SANF 20 no 03 – by Tanaka Chitsa
The Constitutional Court of Malawi has ordered the electoral commission to organise fresh presidential elections before July this year.
The court also ruled that in the period before the new polls, the composition of the presidency should revert to what it was before the national elections were held on 21 May 2019.
However, the incumbent President, HE Peter Mutharika, has criticized the judgement and is planning to appeal. In the Malawian justice system, the Constitutional Court is not the top court of final judgement, as there is a Supreme Court of Appeal. Submission of an appeal to a higher court suspends the judgement pending the outcome of the appeal.
In a judgement handed down on 3 February at Lilongwe District Registry of the High Court of Malawi, a panel of five judges led by Justice Healy Potani cited widespread irregularities in the conduct of the elections as the reason for declaring the outcome of the polls as null and void.
“In every election there will be irregularities but in the present matter, it has been our finding that the irregularities were so widespread, systematic and grave that the results of the elections have been compromised and cannot be trusted as a reflection of the votes,” Potani said while reading part of the 500-page court judgement.
Some of the irregularities include failure by the Malawi Electoral Commission (MEC) to adhere to statutory requirements on handling tally sheets and log books, delegation of statutory powers belonging to MEC commissioners to the chief elections officer and accepting tally sheets that had been altered using correction fluid.
The court ruled that the composition of the presidency should revert to what it was before the elections were held on 21 May 2019.
This means that former Vice President Saulos Chilima, who broke away from the ruling Democratic Progressive Party (DPP) to form his own party in 2018, would retain his post as the vice-president pending the holding of fresh elections.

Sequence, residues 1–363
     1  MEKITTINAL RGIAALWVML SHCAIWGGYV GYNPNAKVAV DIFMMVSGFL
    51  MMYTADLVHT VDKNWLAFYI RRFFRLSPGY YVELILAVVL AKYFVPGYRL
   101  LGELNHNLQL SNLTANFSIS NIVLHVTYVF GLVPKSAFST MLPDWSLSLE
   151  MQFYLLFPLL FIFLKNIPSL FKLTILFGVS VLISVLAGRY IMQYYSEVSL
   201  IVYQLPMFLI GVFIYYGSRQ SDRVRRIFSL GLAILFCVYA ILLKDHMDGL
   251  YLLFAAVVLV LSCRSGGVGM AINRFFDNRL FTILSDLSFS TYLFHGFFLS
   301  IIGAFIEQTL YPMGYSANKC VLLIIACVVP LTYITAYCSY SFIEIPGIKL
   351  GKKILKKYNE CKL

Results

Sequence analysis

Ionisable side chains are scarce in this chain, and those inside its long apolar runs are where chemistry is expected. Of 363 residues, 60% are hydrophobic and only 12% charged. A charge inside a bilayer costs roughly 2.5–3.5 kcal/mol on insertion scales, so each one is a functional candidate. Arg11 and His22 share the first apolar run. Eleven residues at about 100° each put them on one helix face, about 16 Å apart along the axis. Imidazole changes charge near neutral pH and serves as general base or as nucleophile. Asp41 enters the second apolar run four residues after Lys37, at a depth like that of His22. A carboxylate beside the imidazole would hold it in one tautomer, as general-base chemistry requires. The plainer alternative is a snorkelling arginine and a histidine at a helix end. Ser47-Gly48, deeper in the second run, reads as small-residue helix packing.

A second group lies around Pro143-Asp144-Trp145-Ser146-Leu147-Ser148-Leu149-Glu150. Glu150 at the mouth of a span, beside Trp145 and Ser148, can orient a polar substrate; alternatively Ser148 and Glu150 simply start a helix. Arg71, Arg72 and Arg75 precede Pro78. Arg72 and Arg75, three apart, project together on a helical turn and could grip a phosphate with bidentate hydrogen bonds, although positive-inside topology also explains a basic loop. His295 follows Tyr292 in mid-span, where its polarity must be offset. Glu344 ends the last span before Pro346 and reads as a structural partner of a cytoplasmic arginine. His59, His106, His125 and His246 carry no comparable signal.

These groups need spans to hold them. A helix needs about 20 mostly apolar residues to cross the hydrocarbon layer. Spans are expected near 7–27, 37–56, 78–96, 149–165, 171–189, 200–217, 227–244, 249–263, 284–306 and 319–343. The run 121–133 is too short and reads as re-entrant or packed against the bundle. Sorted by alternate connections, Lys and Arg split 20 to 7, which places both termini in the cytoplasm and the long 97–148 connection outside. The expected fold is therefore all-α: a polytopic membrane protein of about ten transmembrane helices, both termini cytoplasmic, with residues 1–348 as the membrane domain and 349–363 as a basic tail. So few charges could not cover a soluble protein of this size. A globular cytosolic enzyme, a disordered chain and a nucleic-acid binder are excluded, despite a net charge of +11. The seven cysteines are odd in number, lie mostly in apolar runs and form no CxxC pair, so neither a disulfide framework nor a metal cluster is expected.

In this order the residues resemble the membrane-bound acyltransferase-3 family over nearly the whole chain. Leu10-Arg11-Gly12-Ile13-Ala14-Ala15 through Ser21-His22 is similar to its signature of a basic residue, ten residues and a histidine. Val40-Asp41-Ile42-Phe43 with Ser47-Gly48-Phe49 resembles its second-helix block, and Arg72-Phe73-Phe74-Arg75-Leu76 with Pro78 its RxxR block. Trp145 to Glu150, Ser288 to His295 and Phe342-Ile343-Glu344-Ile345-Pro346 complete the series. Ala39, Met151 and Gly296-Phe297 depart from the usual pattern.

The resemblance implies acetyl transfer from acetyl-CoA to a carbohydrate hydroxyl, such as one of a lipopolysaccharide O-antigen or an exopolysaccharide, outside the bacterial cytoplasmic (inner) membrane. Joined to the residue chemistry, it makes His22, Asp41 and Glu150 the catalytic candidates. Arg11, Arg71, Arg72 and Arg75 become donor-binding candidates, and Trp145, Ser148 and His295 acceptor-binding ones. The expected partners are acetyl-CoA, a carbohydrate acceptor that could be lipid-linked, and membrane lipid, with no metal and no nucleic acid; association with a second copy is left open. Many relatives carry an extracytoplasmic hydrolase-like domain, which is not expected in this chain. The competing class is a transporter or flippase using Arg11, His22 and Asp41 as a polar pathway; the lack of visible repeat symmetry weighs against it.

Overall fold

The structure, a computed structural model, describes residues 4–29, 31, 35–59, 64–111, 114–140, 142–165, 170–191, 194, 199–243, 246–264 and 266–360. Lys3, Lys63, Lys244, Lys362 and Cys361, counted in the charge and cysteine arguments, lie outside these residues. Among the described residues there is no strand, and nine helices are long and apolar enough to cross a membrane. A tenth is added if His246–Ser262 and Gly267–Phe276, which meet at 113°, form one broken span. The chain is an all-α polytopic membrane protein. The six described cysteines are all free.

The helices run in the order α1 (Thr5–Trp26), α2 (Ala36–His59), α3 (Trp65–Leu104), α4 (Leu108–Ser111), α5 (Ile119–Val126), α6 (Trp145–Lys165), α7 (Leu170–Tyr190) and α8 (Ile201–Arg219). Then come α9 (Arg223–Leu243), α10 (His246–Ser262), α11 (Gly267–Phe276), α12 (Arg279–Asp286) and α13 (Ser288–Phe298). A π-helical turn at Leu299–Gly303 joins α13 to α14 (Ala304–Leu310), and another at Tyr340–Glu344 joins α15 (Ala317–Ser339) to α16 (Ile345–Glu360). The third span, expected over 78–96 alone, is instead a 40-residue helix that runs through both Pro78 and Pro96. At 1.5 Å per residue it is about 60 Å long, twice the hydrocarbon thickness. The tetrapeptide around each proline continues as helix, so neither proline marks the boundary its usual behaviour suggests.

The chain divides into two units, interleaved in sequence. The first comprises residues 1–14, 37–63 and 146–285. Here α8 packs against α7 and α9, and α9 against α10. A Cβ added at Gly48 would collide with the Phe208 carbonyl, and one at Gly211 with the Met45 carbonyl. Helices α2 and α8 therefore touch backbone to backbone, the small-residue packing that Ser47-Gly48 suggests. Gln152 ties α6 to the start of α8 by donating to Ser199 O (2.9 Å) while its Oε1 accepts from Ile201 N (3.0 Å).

The court decision that fresh elections should be held within 150 days means that the MEC should call for a rerun of the presidential elections before 3 July 2020.
The Constitutional Court of Malawi made a ruling on the elections results after Lazarus Chakwera of the opposition Malawi Congress Party (MCP) and Chilima of the United Transformation Movement (UTM) approached the court for an order overturning the presidential poll outcome, citing widespread irregularities in the conduct of the presidential elections.
President Mutharika said he would appeal against the court judgement, describing the verdict as “a serious subversion of justice, an attack on democratic system and an attempt to undermine the will of the people.”
“The judgement, as it is, cannot stand unchallenged,” Mutharika said in an address to Malawians on 5 February, adding that, “As it stands, the judgement, if not cured, represents a flawed precedence for all the elections in the future.”
He said he had instructed his legal team to appeal against the judgement.
Mutharika had emerged victorious in the 2019 poll, defeating a strong field of six other presidential candidates.
He narrowly defeated Chakera by winning 38.57 percent of votes cast during the presidential elections held concurrently with polls for members of the National Assembly and local government councillors.
Chakwera won 35.42 percent of the votes while Chilima was a distant third, with 20.24 percent of the ballots cast.
Under the Malawian Constitution, the president is elected using the First Past The Post electoral system under which the candidate with the highest number of votes is declared the winner, even if they scored less than 50 percent of the valid votes cast.
The Southern African Development Community (SADC) has acknowledged the decision by the Constitutional Court and called on all stakeholders in Malawi to respect the judgment and maintain peace and tranquillity, while the relevant national institutions prepare.
Chairperson of the SADC Organ on Politics, Defence and Security Cooperation, President Emmerson Mnangagwa said the region will remain seized with the situation in Malawi.
“SADC commends the Constitutional Court for upholding the Malawian Constitution, and the electoral law in the conduct of the petition,” President Mnangagwa said.
“SADC will continue to support the Republic of Malawi in the election process, as guided by the SADC Principles and Guidelines Governing Democratic Elections, and will remain seized with the developments in Malawi.”
Other regional and international organizations that observed the 2019 presidential elections in Malawi, such as the African Union, also hailed the Constitutional Court ruling. sardc.net